If you have a storefront you will absolutely be busier than in your home bakery. Not only will you need to spend time on actually making cakes, you will spend time on so many more admin & logistical issues like:
The book work, paying bills, ordering supplies, taking inventory, hiring/firing/managing employees, handling advertising, answering calls/emails only you as the owner can respond to, creating recipes/menus, shopping, etc., etc.
It’s everything you are already doing in your home bakery, but 100 fold. So take the amount of time you spend working on your cakes now and multiply that by 100. Now you have how many hours you will work in a week.
You might think it’s impossible to work a 130 hour work week, but I’m telling you now that it’s very real and imminent when you own a Retail Bakery.
3. Do You Have a Plan?
I don’t just mean a plan of how things are going to look and how everyone is going to think your yummies are the best in town. I mean a real deal business plan.
If you are going to finance this venture, you will be required to have a plan anyway. But even if you aren’t financing you MUST have a plan!!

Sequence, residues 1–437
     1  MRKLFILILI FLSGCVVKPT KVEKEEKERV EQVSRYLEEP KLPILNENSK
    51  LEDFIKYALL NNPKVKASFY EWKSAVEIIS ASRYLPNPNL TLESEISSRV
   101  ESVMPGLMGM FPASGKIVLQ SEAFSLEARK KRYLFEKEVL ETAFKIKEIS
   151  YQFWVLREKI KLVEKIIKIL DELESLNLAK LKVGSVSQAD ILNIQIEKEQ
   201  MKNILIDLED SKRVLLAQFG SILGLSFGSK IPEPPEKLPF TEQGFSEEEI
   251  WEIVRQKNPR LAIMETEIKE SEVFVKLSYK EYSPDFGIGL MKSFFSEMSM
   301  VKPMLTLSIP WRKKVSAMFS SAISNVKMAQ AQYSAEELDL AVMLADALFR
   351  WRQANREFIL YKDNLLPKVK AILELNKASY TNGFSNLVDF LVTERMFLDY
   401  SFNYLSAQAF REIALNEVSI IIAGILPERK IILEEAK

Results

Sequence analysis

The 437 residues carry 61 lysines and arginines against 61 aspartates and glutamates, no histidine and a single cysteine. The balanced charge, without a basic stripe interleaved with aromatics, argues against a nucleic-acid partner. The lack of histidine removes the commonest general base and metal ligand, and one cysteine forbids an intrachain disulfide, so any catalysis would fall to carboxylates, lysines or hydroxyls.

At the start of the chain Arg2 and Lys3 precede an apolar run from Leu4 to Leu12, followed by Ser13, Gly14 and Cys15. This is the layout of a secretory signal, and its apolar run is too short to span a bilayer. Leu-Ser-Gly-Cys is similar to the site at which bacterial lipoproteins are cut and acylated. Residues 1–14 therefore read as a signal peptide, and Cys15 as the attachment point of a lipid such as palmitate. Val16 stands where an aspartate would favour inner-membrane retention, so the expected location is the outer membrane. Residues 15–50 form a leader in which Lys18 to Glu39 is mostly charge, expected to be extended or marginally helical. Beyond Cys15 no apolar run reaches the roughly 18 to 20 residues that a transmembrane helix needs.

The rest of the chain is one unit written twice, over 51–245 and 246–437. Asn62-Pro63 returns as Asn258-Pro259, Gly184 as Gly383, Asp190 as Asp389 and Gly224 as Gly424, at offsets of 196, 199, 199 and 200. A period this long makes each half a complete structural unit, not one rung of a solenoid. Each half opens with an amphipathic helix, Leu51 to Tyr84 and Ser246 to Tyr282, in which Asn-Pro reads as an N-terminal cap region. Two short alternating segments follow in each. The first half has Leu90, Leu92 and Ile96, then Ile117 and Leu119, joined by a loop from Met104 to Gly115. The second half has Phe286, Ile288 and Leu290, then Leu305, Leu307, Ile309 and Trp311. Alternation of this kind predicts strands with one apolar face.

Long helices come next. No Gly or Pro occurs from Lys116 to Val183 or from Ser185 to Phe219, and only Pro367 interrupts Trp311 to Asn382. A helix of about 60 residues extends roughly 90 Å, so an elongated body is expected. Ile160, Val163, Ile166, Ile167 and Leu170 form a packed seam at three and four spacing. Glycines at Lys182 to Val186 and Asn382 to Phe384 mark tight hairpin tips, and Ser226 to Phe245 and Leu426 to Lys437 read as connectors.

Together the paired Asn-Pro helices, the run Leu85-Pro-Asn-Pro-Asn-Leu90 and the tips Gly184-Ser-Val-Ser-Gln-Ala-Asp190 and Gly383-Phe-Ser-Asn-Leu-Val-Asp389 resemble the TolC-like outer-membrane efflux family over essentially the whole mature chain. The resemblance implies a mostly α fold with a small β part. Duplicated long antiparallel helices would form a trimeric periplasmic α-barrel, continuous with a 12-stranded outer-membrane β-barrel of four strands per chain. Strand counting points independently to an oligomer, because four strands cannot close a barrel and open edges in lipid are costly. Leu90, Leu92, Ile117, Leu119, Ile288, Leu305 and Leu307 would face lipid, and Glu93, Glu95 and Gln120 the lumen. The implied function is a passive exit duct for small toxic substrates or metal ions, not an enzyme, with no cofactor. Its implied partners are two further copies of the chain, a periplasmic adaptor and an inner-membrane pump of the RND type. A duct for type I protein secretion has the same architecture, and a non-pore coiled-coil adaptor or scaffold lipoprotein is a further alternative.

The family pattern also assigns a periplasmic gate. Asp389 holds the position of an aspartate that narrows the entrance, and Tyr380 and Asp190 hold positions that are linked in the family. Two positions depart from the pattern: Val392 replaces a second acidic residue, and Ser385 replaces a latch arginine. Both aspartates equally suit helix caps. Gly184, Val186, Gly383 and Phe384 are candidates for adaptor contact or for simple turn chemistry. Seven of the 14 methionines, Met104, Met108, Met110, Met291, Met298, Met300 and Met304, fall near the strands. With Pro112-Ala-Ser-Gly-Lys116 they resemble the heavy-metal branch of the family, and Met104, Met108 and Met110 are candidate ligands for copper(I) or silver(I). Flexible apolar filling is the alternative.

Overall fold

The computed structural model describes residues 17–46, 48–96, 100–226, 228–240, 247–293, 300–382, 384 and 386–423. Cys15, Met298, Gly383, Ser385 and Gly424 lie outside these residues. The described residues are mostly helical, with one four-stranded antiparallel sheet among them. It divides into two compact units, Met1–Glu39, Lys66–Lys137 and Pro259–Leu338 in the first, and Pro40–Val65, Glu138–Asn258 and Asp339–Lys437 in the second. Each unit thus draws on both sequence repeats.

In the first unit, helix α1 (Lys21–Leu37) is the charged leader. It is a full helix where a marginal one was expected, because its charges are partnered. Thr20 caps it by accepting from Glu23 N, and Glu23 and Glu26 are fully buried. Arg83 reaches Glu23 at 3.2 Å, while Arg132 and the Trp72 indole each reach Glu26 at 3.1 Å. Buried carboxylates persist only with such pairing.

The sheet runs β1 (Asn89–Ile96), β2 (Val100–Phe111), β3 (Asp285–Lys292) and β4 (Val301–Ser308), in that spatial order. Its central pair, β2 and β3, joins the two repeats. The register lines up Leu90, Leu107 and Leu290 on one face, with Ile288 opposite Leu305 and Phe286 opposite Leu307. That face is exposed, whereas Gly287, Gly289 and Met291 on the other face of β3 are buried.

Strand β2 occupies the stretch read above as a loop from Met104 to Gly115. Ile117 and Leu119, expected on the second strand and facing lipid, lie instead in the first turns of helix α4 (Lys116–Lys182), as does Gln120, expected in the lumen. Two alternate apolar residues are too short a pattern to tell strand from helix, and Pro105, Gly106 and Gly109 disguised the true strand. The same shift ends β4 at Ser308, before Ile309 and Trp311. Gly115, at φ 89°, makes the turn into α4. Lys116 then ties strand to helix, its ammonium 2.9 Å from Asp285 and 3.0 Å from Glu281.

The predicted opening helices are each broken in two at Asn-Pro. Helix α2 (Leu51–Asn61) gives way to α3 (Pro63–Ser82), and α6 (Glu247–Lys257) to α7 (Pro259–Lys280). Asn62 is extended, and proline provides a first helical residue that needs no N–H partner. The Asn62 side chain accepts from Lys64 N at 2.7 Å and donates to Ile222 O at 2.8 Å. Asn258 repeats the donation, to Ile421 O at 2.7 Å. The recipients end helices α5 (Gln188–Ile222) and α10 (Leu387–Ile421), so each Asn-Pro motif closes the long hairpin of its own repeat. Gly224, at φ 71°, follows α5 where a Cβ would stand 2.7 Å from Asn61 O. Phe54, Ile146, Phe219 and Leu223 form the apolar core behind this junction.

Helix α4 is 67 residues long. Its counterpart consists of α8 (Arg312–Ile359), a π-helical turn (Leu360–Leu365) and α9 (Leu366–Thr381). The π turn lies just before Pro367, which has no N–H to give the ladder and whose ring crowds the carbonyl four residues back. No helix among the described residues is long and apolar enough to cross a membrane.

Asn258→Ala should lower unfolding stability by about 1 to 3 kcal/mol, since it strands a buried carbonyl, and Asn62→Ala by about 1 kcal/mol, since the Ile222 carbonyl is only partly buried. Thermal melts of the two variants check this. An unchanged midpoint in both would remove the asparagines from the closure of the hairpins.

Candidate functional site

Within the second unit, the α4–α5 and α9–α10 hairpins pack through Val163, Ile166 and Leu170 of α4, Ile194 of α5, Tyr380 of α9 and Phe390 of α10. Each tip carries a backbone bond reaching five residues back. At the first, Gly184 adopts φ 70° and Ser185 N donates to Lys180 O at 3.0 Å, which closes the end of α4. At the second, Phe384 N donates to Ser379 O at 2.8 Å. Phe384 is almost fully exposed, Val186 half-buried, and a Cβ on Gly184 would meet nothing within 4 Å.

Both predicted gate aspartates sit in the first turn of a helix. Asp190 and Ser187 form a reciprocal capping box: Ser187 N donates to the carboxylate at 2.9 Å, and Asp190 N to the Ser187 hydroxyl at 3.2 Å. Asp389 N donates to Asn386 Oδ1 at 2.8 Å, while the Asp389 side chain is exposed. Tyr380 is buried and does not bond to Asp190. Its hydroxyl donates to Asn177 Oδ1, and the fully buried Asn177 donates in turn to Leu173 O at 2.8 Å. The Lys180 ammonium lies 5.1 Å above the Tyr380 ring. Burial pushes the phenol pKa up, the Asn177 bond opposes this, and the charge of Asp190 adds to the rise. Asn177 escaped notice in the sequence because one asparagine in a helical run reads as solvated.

You Need a Plan for ALL the following things:
- Know what your operating hours will be.
- How many employees you will need and what schedule they will work.
- If you will purchase ingredients locally or if you will use a food service.
- Have your menu and recipes ready and flawless.
- Have business cards and brochures printed before you ever open your doors.
- Know exactly how much your items, supplies, packaging and ingredients cost per unit.
- Know exactly how much your overhead will cost you.
- How much will your workers comp insurance, unemployment insurance and liability insurance cost?
- Will you pay sick days or maternity leave?
- How much will you pay out in salaries, sales taxes, business licenses, and deposits?
- Call the utility office and ask what an average bill costs for the unit you are going to operate in.
- Is your building already set up for a food service business?
- Will you need to get permits or build out your building?
- What is the cost of your equipment?
- How long will it take the Health Department to allow you to open once you’re ready?
- Shop around for internet, phone, advertising, insurance, etc.
- KNOW HOW MUCH THINGS ARE GOING TO COST.
There will be even more things added to this list as you get deeper into it and it is absolutely essential that you have a SOLID plan.
4. To Finance or Not to Finance?
How are you going to fund this venture?